The Futures Curve
Because bitcoin now has several futures markets, we can gauge market sentiment by the delta between the price right now and the price people expect in the future. See below:
How about that domain name? As you can see, expectations for bitcoin’s price in the near future are trending downward.
The Crypto Fear/Greed Index
The Crypto Fear/Greed index takes in multiple data sources. Some of these sources are volatility, social media, surveys, and more.
You can also see this over data projected over time.
The lower ratings are more fearful (as described above), and the higher ratings are more greedy. Notice how the trend is towards more fear, and recently we’ve been under 20 for several weeks?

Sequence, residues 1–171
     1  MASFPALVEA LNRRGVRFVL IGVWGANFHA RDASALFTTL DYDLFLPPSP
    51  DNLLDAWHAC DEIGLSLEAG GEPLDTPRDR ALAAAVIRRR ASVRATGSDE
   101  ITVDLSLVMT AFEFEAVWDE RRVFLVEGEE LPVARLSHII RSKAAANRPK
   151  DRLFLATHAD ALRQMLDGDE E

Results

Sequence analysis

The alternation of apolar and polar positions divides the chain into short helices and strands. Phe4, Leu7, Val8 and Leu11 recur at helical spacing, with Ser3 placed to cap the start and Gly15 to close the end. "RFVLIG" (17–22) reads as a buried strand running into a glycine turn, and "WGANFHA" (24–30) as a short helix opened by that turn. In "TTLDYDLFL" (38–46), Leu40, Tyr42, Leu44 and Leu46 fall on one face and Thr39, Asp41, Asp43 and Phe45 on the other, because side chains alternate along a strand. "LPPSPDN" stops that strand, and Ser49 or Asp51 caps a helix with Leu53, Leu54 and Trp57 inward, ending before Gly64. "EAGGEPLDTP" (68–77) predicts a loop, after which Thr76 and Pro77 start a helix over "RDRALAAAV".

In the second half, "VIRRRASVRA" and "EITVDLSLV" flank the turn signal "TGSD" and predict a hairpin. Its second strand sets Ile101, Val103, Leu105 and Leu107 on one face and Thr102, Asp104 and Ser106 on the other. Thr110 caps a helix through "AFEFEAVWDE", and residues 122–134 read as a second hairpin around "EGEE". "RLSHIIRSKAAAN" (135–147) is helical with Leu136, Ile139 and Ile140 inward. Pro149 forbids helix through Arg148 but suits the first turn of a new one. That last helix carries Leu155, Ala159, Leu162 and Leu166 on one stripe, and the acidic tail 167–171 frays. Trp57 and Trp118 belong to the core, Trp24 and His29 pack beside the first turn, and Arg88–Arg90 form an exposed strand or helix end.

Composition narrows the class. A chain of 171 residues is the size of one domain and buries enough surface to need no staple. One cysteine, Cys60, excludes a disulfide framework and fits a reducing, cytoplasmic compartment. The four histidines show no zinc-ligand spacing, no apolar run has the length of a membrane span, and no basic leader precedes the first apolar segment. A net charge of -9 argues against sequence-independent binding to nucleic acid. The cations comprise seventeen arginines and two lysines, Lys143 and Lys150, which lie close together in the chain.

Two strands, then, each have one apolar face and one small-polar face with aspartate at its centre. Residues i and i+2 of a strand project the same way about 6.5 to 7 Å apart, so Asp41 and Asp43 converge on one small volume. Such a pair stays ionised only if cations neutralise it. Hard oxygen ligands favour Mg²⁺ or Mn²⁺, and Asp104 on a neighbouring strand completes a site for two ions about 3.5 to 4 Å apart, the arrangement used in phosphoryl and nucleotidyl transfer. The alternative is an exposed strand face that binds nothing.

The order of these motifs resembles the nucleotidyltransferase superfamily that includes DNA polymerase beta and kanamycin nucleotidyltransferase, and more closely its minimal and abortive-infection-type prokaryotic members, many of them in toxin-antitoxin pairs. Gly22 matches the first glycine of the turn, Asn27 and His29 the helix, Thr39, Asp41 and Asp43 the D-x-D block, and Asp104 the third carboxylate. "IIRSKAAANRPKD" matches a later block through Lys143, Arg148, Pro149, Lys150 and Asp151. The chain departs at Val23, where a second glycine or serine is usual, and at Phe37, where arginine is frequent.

Looks like there’s some blood in the streets to me.
Value and Price
I have written extensively on the difference between the value of the bitcoin network and its price. The ability to understand this delta is the key to making money by investing in bitcoin. Buy when the price is low but the value is high, sell when the price has greatly exceeded the value.
Recall that the value of the bitcoin network can be quantified in several ways. The most obvious way is just to look at the performance of the network, the number of participants, and the activity levels of those participants.
Now, at the beginning of this year, the bitcoin network was struggling to handle the volume of transactions. Fees spiked up, and people were practically forced out of the market. But, bitcoin is constantly improving. See below: